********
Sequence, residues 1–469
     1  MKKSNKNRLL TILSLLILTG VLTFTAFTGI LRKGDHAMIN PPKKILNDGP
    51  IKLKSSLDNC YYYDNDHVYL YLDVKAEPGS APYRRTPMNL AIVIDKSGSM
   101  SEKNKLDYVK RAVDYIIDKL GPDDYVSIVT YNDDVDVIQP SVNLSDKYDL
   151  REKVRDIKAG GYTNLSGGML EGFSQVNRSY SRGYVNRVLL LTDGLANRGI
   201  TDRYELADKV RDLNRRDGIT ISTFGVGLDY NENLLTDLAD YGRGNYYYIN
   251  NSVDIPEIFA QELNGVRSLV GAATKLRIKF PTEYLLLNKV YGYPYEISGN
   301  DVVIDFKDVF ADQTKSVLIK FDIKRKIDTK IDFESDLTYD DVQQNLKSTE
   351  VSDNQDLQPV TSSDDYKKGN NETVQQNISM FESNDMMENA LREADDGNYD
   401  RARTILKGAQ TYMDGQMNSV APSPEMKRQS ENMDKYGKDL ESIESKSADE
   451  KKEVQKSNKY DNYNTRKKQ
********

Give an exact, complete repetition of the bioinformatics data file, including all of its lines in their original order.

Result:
Sequence, residues 1–469
     1  MKKSNKNRLL TILSLLILTG VLTFTAFTGI LRKGDHAMIN PPKKILNDGP
    51  IKLKSSLDNC YYYDNDHVYL YLDVKAEPGS APYRRTPMNL AIVIDKSGSM
   101  SEKNKLDYVK RAVDYIIDKL GPDDYVSIVT YNDDVDVIQP SVNLSDKYDL
   151  REKVRDIKAG GYTNLSGGML EGFSQVNRSY SRGYVNRVLL LTDGLANRGI
   201  TDRYELADKV RDLNRRDGIT ISTFGVGLDY NENLLTDLAD YGRGNYYYIN
   251  NSVDIPEIFA QELNGVRSLV GAATKLRIKF PTEYLLLNKV YGYPYEISGN
   301  DVVIDFKDVF ADQTKSVLIK FDIKRKIDTK IDFESDLTYD DVQQNLKSTE
   351  VSDNQDLQPV TSSDDYKKGN NETVQQNISM FESNDMMENA LREADDGNYD
   401  RARTILKGAQ TYMDGQMNSV APSPEMKRQS ENMDKYGKDL ESIESKSADE
   451  KKEVQKSNKY DNYNTRKKQ